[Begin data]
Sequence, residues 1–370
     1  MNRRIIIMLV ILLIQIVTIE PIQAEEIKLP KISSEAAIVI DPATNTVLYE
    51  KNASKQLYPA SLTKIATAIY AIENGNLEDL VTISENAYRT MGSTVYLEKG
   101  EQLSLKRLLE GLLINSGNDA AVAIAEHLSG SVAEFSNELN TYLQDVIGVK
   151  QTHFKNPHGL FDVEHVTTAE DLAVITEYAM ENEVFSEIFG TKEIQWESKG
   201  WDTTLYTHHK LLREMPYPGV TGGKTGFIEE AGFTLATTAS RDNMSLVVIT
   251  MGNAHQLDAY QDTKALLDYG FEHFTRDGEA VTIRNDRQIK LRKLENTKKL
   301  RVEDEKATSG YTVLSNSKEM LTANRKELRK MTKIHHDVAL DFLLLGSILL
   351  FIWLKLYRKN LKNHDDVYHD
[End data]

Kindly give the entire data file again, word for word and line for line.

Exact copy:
Sequence, residues 1–370
     1  MNRRIIIMLV ILLIQIVTIE PIQAEEIKLP KISSEAAIVI DPATNTVLYE
    51  KNASKQLYPA SLTKIATAIY AIENGNLEDL VTISENAYRT MGSTVYLEKG
   101  EQLSLKRLLE GLLINSGNDA AVAIAEHLSG SVAEFSNELN TYLQDVIGVK
   151  QTHFKNPHGL FDVEHVTTAE DLAVITEYAM ENEVFSEIFG TKEIQWESKG
   201  WDTTLYTHHK LLREMPYPGV TGGKTGFIEE AGFTLATTAS RDNMSLVVIT
   251  MGNAHQLDAY QDTKALLDYG FEHFTRDGEA VTIRNDRQIK LRKLENTKKL
   301  RVEDEKATSG YTVLSNSKEM LTANRKELRK MTKIHHDVAL DFLLLGSILL
   351  FIWLKLYRKN LKNHDDVYHD